When I wrote the short story that became The Sad Girl back in 2005, I needed a reason for a girl to get kidnapped that didn’t involve ransom. I thought about it briefly, and decided she’d been kidnapped by a white slavery ring.
When I look at that phrase now, I cringe. I was so naïve.
I think I might have pulled it from a 70s-nostalgia-induced moment, when that was the danger du jour on shows like the original Hawaii Five-O (and I HATE having to write “the original” like that!). Then again, when I was watching TV in the 70s, I didn’t really know what some of those things were. I understood “slavery,” and the shows that had episodes about “white slavery” always had pretty white girls playing the damsel in distress, so even as a pre-teen watching 70s vintage family-friendly shows, I had a pretty good idea what it was all about.
It wasn’t until I was much older that I realized how horribly inaccurate those shows were.
Was it because the writers really didn’t know what was going on even then? Or were they trying to avoid raising too many eyebrows and getting dinged for violating public decency?
I wrote that short in the middle of writing another novel. When I finished that one, I gave the short another look and thought, “You know, this could be a great first chapter of a thriller.” So I changed the setting a little bit and started writing some more. Then I realized I needed to learn more about this whole slavery thing.
Then it got ugly.
I had a friend in Canada who worked in the victimology field, and reached out to him for some ideas. His information made my story more accurate, but I almost wish I had left it alone.
The numbers are staggering.
Between 2008 and 2010 alone, federal task forces investigated over 2,500 human trafficking investigations. That’s just two years, and just on the federal level, and just in the US.
Human. Trafficking. Buying and selling people, in the 21st century.
I saw a number in my research that said there were more people being bought and sold today than were ever enslaved back in the 17th and 18th centuries. And prices have dropped, too. A slave that cost $40,000 in 1809 (adjusted for inflation) now costs $90.
Even at those prices, it’s a $32,000,000,000 industry. 32 BILLION dollars. You could do an awful lot of good with that much money.
There are over 29,000,000 people in slavery today, doing everything from farming to building electronics to making clothes to selling their bodies over a dozen times a day.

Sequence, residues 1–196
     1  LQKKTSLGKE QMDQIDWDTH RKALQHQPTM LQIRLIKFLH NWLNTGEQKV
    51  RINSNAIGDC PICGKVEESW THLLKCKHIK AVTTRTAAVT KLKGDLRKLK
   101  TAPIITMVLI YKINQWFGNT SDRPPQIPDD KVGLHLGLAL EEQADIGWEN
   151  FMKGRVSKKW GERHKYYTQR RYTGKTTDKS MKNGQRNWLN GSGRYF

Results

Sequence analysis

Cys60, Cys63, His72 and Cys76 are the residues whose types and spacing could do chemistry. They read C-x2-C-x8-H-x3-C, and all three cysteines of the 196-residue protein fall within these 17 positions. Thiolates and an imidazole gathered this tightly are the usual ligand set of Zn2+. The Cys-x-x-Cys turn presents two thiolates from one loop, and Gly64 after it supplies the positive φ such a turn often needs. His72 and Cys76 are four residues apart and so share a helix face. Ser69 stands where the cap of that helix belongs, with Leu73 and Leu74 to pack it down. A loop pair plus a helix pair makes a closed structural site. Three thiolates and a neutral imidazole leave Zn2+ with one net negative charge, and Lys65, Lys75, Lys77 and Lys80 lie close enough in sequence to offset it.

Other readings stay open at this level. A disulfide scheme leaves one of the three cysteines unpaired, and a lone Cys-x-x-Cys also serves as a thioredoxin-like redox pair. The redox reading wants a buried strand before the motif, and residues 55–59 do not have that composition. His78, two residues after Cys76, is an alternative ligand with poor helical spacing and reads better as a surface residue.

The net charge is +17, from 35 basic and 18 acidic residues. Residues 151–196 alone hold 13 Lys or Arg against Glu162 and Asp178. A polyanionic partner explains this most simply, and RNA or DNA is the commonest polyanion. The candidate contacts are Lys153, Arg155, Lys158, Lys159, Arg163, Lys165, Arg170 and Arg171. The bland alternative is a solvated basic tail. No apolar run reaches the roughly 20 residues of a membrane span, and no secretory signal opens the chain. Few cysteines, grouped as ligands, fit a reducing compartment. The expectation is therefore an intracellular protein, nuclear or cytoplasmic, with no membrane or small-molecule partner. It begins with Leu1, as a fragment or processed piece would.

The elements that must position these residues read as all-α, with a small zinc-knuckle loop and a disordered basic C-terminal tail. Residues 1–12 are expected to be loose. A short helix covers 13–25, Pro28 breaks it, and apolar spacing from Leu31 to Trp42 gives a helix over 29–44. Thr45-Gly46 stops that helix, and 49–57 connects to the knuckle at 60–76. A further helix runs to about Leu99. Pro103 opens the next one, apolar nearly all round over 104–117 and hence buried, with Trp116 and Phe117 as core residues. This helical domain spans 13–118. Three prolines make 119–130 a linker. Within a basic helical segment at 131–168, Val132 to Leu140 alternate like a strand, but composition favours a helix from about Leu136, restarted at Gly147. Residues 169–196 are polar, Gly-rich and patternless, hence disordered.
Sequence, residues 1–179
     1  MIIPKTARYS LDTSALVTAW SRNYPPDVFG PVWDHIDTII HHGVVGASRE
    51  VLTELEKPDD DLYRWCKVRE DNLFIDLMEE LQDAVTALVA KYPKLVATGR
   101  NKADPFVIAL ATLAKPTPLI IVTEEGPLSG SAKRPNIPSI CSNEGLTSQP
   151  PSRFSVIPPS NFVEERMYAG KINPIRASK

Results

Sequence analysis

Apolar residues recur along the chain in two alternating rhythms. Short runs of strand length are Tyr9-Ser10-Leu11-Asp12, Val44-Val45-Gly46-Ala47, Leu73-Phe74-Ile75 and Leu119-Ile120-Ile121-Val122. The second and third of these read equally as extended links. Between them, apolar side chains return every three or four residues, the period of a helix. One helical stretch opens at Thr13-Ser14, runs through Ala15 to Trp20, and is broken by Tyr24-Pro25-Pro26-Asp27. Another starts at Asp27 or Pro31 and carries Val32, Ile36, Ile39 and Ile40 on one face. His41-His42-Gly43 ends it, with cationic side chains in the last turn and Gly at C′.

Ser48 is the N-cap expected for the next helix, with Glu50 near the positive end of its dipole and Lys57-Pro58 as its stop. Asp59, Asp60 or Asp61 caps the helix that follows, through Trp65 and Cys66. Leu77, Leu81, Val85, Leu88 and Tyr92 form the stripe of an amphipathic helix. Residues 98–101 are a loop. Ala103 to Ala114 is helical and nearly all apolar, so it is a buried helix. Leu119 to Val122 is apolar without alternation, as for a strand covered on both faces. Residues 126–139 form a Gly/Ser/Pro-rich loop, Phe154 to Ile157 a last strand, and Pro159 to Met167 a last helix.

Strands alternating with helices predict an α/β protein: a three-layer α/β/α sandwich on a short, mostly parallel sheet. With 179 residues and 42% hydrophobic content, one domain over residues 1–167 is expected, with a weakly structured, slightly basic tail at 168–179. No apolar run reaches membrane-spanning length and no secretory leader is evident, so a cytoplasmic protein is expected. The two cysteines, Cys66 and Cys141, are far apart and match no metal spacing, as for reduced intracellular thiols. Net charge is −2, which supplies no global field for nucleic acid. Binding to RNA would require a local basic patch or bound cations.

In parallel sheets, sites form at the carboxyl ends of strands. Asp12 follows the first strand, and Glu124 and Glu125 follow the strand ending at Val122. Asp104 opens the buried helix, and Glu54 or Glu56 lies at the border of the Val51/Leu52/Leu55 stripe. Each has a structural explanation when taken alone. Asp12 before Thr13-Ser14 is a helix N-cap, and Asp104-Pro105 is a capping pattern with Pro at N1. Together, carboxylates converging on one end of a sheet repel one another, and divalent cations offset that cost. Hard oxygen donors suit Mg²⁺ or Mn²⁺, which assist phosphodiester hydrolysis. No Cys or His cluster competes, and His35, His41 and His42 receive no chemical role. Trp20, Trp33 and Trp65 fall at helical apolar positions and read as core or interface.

Half of them are under 16.
Survivor’s Ink in Columbus, Ohio, a non-profit that helps former sex slaves cover their tattooed brands, just helped their first minor. She was 10 years old when it started. Ten. I wanted to cry when I read that post.
Usually, the traffickers don’t have to work hard to find their victims. They’ll place an advertisement offering guaranteed employment with a place to stay and good wages, all in an exotic locale. You just get here to us, and we PROMISE you’ll have a job.
Once the victims arrive, the traffickers provide everything: a place to live – with twenty other people. A place to work – in horrible conditions for less than the advertised pay. A paycheck – that doesn’t cover the extra fees for things like food, rent and clothing that the traffickers have provided for you. And you can’t leave, because they’re holding your passport, and you don’t speak the local language anyway. And now that you’re behind on the rent, you need to do something extra to pay your debt…
I thought I knew how horrible the world was. I was a cop for a while, and I read a lot, so I thought I knew how depraved things were.
Oh, was I wrong.
So now what?
Rachel Thompson has a great guide for writers looking for blog topics, and in it, she talks about your voice. “What are you passionate about?” she asks.
Writing The Sad Girl series has allowed me to discover a new passion. I’ve found something that horrifies me. Something that I want to work toward eradicating.
I’ve found my voice.